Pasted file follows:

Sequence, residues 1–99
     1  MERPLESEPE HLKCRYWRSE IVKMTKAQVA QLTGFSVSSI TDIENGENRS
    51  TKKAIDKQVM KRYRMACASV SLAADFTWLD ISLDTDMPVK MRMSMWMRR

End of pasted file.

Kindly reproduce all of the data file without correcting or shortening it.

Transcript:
Sequence, residues 1–99
     1  MERPLESEPE HLKCRYWRSE IVKMTKAQVA QLTGFSVSSI TDIENGENRS
    51  TKKAIDKQVM KRYRMACASV SLAADFTWLD ISLDTDMPVK MRMSMWMRR